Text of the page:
Seattle resident Sarah Schacht was hospitalized for E. coli after eating at an Ethiopian restaurant in the C.D. last year; MyNorthwest reports that the eatery that sickened Schacht had flunked half a dozen health inspections since 2010. Schacht got the city's attention when she collected 2,000 signatures on a Change.org petition to reform how the King County Board of Health assesses restaurants, asking for health grades to be posted in front windows. Now, the health department has appointed committees of officials and members of the restaurant industry to generate revised policies for how food inspection results are made available to the public.
Manager of Food Protection for Public Health - Seattle & King County Becky Elias tells My Northwest that the current system, which includes a website listing inspection results that went live in 2001, was created to be transparent and, "make as much information available as possible." But Schacht calls the database "antiquated and overly complicated."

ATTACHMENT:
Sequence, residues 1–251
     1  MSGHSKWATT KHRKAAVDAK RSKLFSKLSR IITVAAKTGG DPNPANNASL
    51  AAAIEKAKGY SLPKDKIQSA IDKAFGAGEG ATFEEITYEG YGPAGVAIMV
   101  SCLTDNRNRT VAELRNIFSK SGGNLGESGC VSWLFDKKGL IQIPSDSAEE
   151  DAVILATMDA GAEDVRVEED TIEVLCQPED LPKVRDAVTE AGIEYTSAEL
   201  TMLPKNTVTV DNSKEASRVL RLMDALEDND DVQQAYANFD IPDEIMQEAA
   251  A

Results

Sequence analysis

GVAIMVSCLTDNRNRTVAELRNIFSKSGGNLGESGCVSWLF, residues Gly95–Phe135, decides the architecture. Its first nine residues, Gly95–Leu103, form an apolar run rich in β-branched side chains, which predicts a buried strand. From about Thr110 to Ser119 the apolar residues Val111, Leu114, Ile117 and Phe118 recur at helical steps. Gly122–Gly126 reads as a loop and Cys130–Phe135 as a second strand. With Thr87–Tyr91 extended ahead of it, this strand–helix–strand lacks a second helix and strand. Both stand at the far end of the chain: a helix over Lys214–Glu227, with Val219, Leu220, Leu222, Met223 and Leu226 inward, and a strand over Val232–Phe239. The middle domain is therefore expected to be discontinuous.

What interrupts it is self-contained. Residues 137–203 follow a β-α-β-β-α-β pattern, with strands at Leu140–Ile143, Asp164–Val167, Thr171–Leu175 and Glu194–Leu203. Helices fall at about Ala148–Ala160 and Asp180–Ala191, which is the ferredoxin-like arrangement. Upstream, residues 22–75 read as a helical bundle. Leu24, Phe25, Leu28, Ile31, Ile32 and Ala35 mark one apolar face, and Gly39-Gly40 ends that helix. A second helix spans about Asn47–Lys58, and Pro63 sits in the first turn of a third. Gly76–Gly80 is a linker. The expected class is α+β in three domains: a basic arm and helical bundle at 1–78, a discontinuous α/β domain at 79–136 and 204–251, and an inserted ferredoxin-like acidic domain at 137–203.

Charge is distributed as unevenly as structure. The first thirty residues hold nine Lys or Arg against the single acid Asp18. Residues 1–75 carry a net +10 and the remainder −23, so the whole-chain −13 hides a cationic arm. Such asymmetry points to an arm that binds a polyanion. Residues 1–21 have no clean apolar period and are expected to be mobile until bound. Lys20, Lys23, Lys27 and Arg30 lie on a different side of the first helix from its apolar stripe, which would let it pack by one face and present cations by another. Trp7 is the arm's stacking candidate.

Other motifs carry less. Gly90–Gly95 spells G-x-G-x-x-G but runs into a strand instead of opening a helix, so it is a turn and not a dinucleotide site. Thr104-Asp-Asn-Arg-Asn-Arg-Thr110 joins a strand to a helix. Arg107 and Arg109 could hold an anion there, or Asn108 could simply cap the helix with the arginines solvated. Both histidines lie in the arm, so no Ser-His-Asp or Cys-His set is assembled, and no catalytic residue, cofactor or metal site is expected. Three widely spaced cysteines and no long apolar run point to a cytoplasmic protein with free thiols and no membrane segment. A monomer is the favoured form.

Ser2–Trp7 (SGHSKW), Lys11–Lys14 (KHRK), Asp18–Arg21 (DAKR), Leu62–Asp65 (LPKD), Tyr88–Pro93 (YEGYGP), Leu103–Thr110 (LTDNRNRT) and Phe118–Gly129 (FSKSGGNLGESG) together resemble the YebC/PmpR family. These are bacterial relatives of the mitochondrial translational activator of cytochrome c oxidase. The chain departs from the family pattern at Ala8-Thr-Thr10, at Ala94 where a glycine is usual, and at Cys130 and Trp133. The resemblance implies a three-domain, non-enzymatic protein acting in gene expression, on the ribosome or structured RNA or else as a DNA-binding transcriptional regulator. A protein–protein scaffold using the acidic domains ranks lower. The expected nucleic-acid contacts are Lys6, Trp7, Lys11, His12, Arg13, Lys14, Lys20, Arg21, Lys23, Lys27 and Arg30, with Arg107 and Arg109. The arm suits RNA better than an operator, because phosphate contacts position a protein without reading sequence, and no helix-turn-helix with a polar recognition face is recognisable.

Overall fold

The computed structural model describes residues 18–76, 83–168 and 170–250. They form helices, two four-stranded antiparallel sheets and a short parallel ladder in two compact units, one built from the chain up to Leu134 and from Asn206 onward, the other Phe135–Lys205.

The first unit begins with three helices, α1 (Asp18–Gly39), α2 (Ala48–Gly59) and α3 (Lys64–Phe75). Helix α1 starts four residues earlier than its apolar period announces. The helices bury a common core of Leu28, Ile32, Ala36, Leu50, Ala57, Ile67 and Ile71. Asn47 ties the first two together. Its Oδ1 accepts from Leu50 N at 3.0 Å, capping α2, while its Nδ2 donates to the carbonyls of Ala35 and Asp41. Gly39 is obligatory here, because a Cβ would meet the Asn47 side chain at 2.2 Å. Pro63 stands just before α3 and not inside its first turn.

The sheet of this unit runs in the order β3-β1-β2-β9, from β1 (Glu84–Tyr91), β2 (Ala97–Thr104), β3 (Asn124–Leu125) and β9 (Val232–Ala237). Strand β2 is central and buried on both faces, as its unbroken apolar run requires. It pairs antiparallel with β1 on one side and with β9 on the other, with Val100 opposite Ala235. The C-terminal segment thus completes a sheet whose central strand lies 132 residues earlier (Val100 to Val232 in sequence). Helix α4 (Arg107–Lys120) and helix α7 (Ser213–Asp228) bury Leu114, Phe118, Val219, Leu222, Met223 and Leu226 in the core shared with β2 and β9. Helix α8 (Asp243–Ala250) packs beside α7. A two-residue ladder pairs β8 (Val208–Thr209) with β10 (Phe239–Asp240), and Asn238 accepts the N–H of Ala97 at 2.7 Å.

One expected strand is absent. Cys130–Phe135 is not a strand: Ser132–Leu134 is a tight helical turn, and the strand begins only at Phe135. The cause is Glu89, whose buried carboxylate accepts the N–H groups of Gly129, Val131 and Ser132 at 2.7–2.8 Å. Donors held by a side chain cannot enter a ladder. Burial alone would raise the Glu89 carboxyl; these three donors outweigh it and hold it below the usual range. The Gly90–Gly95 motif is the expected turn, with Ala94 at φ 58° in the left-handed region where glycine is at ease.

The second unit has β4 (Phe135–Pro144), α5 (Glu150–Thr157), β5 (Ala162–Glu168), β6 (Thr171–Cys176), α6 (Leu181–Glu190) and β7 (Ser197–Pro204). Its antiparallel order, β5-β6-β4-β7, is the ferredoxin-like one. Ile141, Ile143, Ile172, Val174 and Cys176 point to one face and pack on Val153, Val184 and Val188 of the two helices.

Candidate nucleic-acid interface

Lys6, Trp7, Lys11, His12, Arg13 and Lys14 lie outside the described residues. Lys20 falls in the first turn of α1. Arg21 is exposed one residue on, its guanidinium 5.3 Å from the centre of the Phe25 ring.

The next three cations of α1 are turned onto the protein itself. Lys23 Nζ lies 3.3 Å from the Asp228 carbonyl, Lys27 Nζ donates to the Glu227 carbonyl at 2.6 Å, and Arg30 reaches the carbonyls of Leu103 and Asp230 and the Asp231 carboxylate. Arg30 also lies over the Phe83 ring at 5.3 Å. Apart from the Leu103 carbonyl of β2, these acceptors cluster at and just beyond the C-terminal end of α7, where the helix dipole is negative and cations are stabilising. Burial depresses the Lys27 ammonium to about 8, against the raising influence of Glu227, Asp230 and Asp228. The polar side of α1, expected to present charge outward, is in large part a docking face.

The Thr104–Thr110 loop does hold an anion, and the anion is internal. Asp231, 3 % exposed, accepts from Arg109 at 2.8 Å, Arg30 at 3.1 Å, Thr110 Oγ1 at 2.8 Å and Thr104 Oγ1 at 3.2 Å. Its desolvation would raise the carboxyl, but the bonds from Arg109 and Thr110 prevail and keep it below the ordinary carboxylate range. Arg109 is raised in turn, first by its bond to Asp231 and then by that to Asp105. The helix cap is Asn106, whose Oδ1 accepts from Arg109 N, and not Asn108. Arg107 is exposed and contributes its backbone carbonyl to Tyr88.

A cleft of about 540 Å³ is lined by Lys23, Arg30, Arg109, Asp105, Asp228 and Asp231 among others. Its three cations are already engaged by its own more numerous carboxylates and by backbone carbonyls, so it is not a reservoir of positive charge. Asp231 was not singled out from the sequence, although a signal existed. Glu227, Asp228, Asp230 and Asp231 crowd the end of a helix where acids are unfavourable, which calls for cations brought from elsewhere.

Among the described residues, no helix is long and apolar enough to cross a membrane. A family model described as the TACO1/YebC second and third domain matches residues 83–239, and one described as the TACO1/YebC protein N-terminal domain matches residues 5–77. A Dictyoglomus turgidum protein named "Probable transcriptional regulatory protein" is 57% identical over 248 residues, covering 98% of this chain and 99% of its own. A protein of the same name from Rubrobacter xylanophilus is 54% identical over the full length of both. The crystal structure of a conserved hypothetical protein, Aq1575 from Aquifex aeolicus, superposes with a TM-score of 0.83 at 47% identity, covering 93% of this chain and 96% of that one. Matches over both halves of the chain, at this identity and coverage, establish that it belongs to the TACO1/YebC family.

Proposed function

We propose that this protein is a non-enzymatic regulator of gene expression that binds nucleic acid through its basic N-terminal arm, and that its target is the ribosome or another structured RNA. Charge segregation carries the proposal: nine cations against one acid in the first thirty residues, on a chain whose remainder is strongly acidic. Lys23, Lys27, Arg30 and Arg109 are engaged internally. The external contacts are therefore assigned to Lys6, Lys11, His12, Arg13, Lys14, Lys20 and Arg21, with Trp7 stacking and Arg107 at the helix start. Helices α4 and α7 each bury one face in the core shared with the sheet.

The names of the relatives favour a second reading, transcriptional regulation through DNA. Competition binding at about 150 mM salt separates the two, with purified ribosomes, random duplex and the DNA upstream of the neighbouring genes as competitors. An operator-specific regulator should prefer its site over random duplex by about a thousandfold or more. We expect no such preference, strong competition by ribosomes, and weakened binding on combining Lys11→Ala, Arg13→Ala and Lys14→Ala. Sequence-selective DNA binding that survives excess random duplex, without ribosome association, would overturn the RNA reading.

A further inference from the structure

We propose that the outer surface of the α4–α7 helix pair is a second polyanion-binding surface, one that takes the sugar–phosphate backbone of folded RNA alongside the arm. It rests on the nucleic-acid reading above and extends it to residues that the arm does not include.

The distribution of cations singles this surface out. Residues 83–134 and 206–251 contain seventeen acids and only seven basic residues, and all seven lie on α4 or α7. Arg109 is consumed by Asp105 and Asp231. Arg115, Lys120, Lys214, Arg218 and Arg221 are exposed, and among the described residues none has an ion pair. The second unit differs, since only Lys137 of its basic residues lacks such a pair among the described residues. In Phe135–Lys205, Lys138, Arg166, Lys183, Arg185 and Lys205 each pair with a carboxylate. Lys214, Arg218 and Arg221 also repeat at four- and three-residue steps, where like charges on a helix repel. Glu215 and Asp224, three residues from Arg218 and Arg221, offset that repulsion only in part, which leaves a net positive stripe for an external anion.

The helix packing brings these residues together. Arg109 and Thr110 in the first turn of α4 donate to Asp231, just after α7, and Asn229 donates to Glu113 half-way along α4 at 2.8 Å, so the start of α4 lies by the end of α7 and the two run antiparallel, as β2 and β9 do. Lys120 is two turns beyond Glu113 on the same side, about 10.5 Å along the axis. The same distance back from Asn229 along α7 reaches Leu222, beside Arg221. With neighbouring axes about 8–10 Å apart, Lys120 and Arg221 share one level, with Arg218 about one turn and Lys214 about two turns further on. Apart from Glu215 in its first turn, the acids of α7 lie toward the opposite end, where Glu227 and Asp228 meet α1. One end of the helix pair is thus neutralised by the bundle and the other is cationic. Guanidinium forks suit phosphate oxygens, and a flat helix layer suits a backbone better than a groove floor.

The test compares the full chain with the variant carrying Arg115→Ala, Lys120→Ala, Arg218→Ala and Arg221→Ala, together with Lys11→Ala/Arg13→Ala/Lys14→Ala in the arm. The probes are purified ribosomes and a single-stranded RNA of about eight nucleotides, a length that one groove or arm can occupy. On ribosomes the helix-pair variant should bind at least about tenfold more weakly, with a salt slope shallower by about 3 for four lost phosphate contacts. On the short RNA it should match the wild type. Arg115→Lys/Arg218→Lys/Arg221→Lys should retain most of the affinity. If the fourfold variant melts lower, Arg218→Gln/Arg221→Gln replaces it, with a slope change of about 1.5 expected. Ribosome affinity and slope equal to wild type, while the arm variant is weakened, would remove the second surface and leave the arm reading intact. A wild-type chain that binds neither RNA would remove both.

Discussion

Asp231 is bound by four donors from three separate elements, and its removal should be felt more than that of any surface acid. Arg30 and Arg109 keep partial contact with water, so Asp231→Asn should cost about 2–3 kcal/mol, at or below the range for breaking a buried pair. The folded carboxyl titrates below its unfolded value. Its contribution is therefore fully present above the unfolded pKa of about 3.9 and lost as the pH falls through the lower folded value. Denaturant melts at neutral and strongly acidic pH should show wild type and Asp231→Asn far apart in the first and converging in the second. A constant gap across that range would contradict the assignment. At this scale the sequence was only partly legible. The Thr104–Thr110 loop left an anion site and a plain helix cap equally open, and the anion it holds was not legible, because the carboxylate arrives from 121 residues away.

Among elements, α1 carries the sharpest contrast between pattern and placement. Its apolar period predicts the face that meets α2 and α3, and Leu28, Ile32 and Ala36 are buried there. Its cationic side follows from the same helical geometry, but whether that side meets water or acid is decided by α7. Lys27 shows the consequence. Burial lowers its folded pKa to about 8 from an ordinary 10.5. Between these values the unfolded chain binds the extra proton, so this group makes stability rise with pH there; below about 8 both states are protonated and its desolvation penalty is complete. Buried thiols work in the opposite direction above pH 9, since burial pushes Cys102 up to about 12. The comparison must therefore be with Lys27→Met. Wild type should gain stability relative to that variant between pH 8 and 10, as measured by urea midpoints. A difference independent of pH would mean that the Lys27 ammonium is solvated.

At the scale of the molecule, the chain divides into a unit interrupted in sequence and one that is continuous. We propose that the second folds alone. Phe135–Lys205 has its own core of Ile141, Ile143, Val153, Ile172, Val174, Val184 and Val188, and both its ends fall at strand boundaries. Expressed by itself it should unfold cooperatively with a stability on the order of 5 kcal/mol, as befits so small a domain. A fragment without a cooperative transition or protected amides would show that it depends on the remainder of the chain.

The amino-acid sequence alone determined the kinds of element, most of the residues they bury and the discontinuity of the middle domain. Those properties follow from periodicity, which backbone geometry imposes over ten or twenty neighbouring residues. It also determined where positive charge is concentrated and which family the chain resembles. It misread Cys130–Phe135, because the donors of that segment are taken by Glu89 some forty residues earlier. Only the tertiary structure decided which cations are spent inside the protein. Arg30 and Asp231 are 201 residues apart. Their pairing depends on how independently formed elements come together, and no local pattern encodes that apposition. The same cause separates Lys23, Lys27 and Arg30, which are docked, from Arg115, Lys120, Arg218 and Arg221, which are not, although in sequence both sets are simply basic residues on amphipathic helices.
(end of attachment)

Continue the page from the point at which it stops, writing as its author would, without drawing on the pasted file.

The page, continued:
The health department is beginning to take action: "We have heard that message loud and clear that that's something people are wanting," Elias says. She adds that the process may not end in King County restaurants displaying an A, B, C, D, or F grade in their window, but the department is "committed to some public display that quickly informs customers how a restaurant fared."
Several cities, including New York and Los Angeles, have already implemented a letter grade system. The health department will begin testing out new inspection display options early next year and plans to have the system in place by the end of 2015.
· How safe is your favorite restaurant? King County cooking up new rating system [MyNorthwest]
[A Restaurant Hygiene Grade in NYC. Photo: Mike Licht/Flickr]